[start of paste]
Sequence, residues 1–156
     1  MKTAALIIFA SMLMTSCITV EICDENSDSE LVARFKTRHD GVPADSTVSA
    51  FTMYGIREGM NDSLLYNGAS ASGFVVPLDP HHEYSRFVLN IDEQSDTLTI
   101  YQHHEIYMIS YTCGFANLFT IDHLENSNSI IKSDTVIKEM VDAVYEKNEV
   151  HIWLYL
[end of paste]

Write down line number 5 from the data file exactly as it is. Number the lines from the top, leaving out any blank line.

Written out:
   151  HIWLYL